Umbrella Diagram of Whole School Approaches - academic support, guidance support, teacher intervention, reading specialist support, and response to interventionWhole School Approaches to meeting special educational needs

Effectively identifying SEND

All children learn and develop at different rates, and have areas of strength as well as areas for further development.

It is important to distinguish children with SEND from those who are underachieving but who can and will catch up.

A child may have a SEND if, despite appropriate classroom activities and differentiated planning and support, they continue to experience a greater difficulty than their peers in learning and developing skills.

A SEND can take a variety of forms. The wide range of strategies that can be employed by skilled staff can usually overcome such barriers by providing suitable learning programmes that respond to diverse learning needs. Examples include:

Planning appropriately challenging work for those whose ability and understanding are in advance of their language skills
Using positive behaviour management with a clear system of rewards and sanctions.
These strategies and arrangements can be effective even when children have more persistent or serious difficulties.

When to make more targeted intervention

‘The key test of the need for action (for a child) is evidence that current rates of progress are inadequate . . . A judgement (therefore) has to be made in each case as to what is reasonable to expect a particular child to achieve. Where progress is not adequate, it will be necessary to take some additional or different action to enable the child to learn more effectively’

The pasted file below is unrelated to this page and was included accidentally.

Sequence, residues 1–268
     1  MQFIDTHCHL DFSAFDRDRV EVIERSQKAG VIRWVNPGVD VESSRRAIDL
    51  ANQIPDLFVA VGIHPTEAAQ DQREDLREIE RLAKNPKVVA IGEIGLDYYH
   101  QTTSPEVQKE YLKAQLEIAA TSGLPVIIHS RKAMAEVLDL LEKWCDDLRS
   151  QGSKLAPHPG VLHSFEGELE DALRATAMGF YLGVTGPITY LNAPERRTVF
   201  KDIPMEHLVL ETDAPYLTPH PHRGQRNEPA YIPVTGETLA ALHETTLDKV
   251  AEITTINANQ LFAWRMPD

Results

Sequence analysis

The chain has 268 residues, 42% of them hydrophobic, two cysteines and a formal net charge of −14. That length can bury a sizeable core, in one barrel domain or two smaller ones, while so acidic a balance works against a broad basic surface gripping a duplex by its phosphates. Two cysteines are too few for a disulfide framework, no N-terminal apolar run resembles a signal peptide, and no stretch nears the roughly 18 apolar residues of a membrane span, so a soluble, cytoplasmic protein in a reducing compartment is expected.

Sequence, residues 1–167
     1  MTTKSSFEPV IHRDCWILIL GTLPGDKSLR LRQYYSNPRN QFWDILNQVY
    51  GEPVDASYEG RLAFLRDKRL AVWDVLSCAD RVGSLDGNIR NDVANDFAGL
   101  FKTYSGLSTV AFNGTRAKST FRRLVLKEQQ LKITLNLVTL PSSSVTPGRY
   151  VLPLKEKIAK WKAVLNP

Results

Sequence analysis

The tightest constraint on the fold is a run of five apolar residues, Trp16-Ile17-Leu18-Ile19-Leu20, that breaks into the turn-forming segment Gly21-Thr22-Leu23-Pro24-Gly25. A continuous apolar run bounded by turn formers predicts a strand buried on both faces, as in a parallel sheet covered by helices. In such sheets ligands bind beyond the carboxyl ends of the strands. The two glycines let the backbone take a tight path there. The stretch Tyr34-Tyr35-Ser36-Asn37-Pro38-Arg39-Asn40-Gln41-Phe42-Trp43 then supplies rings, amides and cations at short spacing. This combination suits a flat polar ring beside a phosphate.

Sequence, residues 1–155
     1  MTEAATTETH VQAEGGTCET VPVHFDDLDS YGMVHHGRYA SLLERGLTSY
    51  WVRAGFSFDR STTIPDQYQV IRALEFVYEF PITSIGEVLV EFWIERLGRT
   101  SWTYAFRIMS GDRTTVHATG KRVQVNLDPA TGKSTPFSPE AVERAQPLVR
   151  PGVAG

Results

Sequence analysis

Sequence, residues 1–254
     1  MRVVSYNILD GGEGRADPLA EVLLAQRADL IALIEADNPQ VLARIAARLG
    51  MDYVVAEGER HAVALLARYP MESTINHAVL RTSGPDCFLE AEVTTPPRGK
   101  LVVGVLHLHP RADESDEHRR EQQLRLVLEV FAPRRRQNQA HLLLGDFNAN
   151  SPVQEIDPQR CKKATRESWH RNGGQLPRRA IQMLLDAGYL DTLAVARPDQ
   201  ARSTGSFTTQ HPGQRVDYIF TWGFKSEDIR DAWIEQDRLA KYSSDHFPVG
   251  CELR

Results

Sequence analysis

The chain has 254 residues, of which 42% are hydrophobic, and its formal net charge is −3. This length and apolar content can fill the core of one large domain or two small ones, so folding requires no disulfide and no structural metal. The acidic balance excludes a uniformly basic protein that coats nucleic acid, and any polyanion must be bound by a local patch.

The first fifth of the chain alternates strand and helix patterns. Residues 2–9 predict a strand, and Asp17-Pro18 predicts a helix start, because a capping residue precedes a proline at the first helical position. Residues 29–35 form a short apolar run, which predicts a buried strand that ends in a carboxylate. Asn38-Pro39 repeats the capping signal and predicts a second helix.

(SEN Code of Practice)

"Reasonable to expect” is key. The LA considers that it would be reasonable to expect most children who are underachieving, in any year group or key stage, to be able to make accelerated progress with good teaching and appropriately targeted interventions.

Those children who, having received such provision, continue to struggle to access the curriculum or make progress, often because of some cognitive or emotional impairment, may need something additional to and different from the usual, well-differentiated, curriculum and methodology on offer in the school.

Involving Parents / the young person

When a school or setting begins to make special educational provision for a child or young person, they must tell their parent carers about what is happening. Involving parents and children or young people in the setting and review of outcomes from the beginning leads to better progress and improved results overall.

See the six features of identifying SEND effectively.

Graduated Approach to SEND

All education providers/settings (including academies and free schools) are responsible for meeting SEND. Most children and young people with SEND have their needs met through universal, mainstream education provision. The SEND Code of Practice makes it quite clear that all teachers are teachers of SEND.

Special educational provision is education or training that is additional to or different from that made generally for others of the same age. This means provision that goes beyond the different approaches, learning arrangements and interventions normally provided as part of high quality, personalised teaching.

All settings arranging SEND support should put the child or young person and their family at the centre of what they do. Settings need to ensure that the voice of the child is heard and recorded.

Stage 1:

When a child is identified as having SEND, settings should provide appropriate education based on their needs. This should be provided as part of the graduated approach which includes regular review of progress made and appropriate changes to support provided as required. Provision mapping as a good way for a setting to keep track of this but some settings may prefer to use an Individual Plan.